KOHL COSPONSORS BILL TO IMPROVE MEDICARE PART D LOW-INCOME SUBSIDY

Bill Amends Asset Test, Application Process that Currently Bars Many Seniors from Coverage


WASHINGTON, D.C. - U.S. Senator Herb Kohl, Chairman of the Senate Special Committee on Aging, has signed on as cosponsor of the Part D Equity for Low-Income Seniors Act of 2007, a bill introduced today that would do away with some of the burdensome requirements that prevent many of America's needy seniors from qualifying for Medicare Part D's low-income subsidy (LIS). The bill, sponsored by Senator Jeff Bingaman (D-NM), encompasses many of the recommendations borne from a hearing Chairman Kohl held on LIS this past January, such as raising the asset test, creating an expedited application process for pre-screened beneficiaries, and allowing the Social Security Administration (SSA) to target qualified seniors based on the tax returns they file with the Internal Revenue Service (IRS).

"More than 3 million seniors who were projected to be eligible for Medicare Part D's low-income subsidy are not receiving it. This extra help for low-income seniors can mean the difference between affording medicine or paying rent," said Kohl. "This bill addresses the serious challenges that are preventing low-income seniors from getting the assistance in prescription drug coverage they need."

Seniors with incomes less than roughly $15,000 a year and assets less than roughly $11,500 are currently eligible for Medicare's LIS. These seniors can benefit from low or no co-payments, deductibles, and premiums, and they are covered in the "donut hole"a gap in the program's coverage of drug costs between $2,251 and $5,100. Many lawmakers and organizations cited the low-income benefit as a major selling point when the Medicare Prescription Drug law was passed in 2003.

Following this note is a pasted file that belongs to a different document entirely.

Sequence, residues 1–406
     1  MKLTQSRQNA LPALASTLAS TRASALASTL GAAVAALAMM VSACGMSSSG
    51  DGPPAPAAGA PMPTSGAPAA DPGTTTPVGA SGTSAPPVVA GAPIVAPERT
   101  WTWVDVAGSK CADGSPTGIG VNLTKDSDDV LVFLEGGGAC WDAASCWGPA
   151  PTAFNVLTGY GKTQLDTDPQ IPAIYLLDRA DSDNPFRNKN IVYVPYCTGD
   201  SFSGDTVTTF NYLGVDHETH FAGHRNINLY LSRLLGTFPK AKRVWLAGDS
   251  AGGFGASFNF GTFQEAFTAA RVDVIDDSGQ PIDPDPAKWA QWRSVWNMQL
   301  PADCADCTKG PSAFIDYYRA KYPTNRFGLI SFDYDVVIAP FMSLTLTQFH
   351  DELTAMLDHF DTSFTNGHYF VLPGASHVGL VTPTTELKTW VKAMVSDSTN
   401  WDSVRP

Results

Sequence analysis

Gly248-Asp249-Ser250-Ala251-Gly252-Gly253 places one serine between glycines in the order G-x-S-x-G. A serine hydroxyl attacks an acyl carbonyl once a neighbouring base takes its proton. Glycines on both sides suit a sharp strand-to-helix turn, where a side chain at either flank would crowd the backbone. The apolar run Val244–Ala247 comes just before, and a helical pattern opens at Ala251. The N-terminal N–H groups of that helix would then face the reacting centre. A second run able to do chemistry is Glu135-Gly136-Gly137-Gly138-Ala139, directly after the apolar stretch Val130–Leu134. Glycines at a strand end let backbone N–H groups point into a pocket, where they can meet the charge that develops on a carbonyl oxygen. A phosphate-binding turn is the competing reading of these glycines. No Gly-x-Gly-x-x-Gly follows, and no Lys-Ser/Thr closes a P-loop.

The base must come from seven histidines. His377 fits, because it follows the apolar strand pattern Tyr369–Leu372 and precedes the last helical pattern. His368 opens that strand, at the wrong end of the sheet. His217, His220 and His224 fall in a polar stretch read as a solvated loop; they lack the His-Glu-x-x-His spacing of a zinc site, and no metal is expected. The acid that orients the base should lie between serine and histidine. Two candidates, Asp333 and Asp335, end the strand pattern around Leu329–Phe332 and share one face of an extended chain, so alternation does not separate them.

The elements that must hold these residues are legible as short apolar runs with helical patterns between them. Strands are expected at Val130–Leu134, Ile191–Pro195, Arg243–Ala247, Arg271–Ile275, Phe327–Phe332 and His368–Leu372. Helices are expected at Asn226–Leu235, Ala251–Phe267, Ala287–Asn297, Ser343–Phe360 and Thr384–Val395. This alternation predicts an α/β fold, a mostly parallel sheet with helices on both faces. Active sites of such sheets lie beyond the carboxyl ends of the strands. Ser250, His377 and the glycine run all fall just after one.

However, since the inception of Medicare Part D in 2006, many low-income seniors have not been able to take advantage of the LIS program. The Department of Health and Human Services (HHS) estimated that in 2006 only 2 million, or 35 percent, of the 5.7 million people who were projected by the federal government to be eligible received the LIS benefit. Senior advocates have pointed to the program's complex application process and shifts in drug plan participation in the LIS as challenges many seniors face in accessing the benefit.

Specifically, the bill would allow the IRS to transfer tax filing information to the SSA for the purpose of better targeting senior beneficiaries who might be eligible for the LIS; create an expedited LIS application process for pre-screened beneficiaries; raise the asset test limits to $27,500 for an individual and $55,000 for a couple, capturing about half of individuals and two-thirds of couples who have been denied LIS because of excess resources; prohibit the reporting of retirement account balances, life-insurance policies, and in-kind contributions when determining a beneficiary's resource levels; and prohibit LIS benefits from being counted as resources for the purposes of determining eligibility for other federal programs.

With the administration's recent announcement that they will terminate Wisconsin's SeniorCare program, this legislation is all the more crucial for Wisconsin seniors. Because SeniorCare boasts such a convenient application process and requires no asset test, many are worried that Wisconsin seniors who were eligible for prescription drug coverage under SeniorCare may not be eligible for comparable coverage under Medicare Part D. This bill would help ease the transition to Medicare Part D for those low-income seniors in Wisconsin.

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